Awaiting Takeoff in Afghanistan

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Zabi Tamanna / Xinhua / Sipa

The site of a suicide bomb attack in Kabul, Afghanistan, June, 2007

You can't help but be impressed by Kabul's airport, which is in the middle of being refurbished. A fresh coat of salmon-colored paint, acoustic ceilings and fast laptops at immigration processing. In the departure lounge, there's even a reassuring bright yellow sign: "Renovation of Kabul International Airport. We apologize for any inconvenience caused during the renovation process." The sign is in English, not Dari. But never mind: you can still smoke anywhere in the terminal. You can't expect everything to change overnight.

Outside the airport, though, the illusion evaporates. For a start, the distance between the terminal and the parking lot is at least a hundred yards. No surprise there. On the average these days there is a suicide car-bombing a day in and around Kabul. The Taliban started firing rockets at Kabul. They go unreported in the news because they aren't doing damage. It takes the murder of NATO troops to generate a wire report, like last week's murder of six Canadian soldiers in Kandahar.

Driving around Kabul I came across a British patrol that had just been attacked by a suicide bomber in a Toyota Corolla, wounding two. They were lucky, and it never made the news. I wondered how bad the rest of Afghanistan is, and, as I usually do when I get to a new city, I casually asked around where I could go and couldn't go. Forget Kandahar, I was told. Even heavy armor is vulnerable to the new improvised explosive devices showing up in Afghanistan. Which means that you can't drive to Herat. Nor can you set foot in another dozen Afghan provinces.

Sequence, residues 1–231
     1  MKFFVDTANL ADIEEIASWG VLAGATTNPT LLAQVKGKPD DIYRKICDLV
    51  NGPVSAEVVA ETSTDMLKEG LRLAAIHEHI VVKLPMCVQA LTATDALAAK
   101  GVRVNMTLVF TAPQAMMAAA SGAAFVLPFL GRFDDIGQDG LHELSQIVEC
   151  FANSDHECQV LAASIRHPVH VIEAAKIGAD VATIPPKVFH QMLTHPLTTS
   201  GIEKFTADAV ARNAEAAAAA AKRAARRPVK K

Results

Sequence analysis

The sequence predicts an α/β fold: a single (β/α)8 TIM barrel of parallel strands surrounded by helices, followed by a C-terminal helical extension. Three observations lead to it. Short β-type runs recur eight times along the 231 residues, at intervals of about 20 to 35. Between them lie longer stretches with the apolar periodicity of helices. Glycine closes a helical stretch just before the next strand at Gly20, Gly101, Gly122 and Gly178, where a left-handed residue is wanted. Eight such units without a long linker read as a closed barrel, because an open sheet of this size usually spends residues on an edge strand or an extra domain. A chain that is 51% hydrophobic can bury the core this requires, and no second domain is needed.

How fast is Afghanistan unraveling? Westerners live in heavily protected enclaves, waiting for Armageddon to break out. They look a lot like Crusader castles. Western officials and military venture out only in armored Toyota Land Cruisers, easily recognizable by their electronic counter-measure domes and whip antennas. With no license plates, they barrel down the streets at high speeds, staying ahead of any potential suicide car bombers. They don't stop at police checkpoints — extraterritorial status has its privileges.

Not surprisingly, the Afghans resent their second-class citizenship but so far tolerate it — it's better than the savagery of the Taliban. On the other hand they wonder how long it's going to last. The insurgency — that's the word a briefer at NATO headquarters used instead of the Taliban or al-Qaeda — understands it needs to win over the hearts and minds of the average Afghan. Unlike suicide bombers in Iraq, the insurgents don't intentionally target civilians, although many have died in attacks. And this summer they have started to adjust their tactics, purposely operating from villages in order to provoke NATO air strikes and kill civilians. As one Afghan told me, "When you kill one Afghan, you kill his own tribe."

Only a fool would dare predict Afghanistan's future. But if the insurgents get their way, Kabul's renovated airport could get some real use in an exodus of Westerners.

Robert Baer, a former CIA field officer assigned to the Middle East, is's intelligence columnist and the author of See No Evil and, most recently, the novel Blow the House Down.